"Honor List" and "Shame Roll" : Quasi-Experimental Evidence of the Effect of Performance Feedback under Political Control

Research output: Journal Publications and ReviewsRGC 21 - Publication in refereed journalpeer-review

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Detail(s)

Original languageEnglish
Journal / PublicationJournal of Public Administration Research and Theory
Publication statusOnline published - 18 Feb 2022

Abstract

This article examines how the use of an "honor list" and "shame roll" as a means of performance feedback can influence governments' future performance improvement, focusing on a prominent performance management reform implemented in Chinese local governments. We draw upon classic behavioral theories of organizations to propose testable hypotheses. The empirical analyses use 3,300 observations based on the 333 grassroots governments of the capital city of China as the unit of analysis. Regression discontinuity design estimations show that entering the honor list reduces governments' performance improvement in the next period, while entering the shame roll helps governments improve their performance. Moreover, the level of performance improvement is higher at the cutoff for both the honor list and shame roll if governments rely more on the higher authority's fiscal resources. This study advances a more nuanced understanding of the performance feedback effect under political control and a rigid administrative hierarchy.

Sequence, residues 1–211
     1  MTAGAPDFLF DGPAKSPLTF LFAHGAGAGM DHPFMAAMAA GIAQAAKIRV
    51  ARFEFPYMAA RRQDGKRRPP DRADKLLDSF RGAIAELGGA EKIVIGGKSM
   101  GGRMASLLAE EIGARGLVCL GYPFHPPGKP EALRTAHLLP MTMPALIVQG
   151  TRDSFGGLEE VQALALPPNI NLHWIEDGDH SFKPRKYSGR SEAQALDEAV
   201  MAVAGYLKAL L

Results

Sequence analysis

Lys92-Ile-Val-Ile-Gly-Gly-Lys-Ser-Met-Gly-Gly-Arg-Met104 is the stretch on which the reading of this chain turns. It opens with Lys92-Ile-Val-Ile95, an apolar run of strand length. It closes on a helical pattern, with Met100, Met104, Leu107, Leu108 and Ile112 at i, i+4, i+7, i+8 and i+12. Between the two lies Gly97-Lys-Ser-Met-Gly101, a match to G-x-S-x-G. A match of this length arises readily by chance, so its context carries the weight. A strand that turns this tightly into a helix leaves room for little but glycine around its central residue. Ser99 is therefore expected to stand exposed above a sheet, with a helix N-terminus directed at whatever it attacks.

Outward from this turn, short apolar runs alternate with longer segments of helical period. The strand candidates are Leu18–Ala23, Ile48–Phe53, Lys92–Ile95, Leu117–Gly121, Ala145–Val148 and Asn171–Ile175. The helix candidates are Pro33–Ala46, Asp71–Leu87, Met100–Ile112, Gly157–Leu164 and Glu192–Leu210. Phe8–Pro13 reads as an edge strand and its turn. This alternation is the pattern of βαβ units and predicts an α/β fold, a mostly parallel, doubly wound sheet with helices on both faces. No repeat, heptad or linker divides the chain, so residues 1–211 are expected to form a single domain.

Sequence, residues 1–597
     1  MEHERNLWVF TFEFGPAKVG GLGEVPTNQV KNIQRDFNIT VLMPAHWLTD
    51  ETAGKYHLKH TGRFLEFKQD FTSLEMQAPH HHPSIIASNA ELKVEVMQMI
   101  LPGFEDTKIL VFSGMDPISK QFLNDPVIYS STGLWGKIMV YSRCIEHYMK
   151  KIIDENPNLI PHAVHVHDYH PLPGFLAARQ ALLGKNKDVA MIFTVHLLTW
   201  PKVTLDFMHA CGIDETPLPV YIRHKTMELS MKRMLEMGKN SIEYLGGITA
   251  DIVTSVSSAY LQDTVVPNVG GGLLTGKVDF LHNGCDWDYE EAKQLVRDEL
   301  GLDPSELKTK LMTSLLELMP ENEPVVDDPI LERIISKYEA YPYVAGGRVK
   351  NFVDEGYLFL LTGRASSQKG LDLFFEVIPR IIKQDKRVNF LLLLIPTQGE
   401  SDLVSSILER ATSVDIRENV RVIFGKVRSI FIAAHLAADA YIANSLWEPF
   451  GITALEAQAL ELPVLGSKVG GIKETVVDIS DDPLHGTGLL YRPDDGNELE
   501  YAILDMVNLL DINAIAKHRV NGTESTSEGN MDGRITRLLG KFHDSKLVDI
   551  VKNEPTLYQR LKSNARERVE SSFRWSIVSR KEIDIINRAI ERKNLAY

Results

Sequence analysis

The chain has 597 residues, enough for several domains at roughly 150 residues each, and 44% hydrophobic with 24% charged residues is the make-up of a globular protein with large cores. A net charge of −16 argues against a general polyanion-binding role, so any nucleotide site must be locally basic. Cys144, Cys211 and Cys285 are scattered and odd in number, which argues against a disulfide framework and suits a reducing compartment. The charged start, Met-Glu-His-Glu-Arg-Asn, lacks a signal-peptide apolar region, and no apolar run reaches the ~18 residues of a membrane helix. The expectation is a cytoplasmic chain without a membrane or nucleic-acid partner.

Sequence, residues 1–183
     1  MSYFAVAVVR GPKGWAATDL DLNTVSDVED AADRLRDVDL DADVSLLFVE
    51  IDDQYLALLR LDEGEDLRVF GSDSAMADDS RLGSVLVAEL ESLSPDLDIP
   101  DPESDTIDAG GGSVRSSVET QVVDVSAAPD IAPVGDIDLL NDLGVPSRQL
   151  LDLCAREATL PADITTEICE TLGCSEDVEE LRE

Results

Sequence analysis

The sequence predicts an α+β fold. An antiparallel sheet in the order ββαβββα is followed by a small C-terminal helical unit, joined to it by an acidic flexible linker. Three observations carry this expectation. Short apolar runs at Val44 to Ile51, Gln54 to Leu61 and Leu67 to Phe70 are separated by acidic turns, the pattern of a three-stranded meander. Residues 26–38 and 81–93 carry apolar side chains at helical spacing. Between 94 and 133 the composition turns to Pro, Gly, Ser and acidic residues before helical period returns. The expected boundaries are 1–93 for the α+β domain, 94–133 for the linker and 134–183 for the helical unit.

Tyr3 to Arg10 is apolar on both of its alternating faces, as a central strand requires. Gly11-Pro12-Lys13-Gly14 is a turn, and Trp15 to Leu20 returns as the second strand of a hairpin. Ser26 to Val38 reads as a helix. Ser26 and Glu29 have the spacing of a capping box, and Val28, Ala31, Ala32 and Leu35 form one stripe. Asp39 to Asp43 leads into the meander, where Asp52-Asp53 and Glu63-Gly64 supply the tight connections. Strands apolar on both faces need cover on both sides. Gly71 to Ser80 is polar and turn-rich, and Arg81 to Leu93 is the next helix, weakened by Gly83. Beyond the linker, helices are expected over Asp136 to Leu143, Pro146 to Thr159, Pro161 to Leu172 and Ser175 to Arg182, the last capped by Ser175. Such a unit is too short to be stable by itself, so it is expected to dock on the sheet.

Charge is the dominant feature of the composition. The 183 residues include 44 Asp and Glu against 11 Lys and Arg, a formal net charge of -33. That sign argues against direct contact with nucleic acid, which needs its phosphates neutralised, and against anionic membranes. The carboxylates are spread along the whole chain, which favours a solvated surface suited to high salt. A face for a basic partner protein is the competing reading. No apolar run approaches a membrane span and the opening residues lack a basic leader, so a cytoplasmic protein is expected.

Research Area(s)

  • REGRESSION DISCONTINUITY DESIGNS, ORGANIZATIONAL PERFORMANCE, RESOURCE DEPENDENCE, MANAGERIAL PERFORMANCE, ECONOMIC-PERFORMANCE, PUBLIC ORGANIZATIONS, BOUNDED RATIONALITY, ASPIRATION LEVELS, BEHAVIORAL-MODEL, MANAGEMENT

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Full text of this publication does not contain sufficient affiliation information. With consent from the author(s) concerned, the Research Unit(s) information for this record is based on the existing academic department affiliation of the author(s).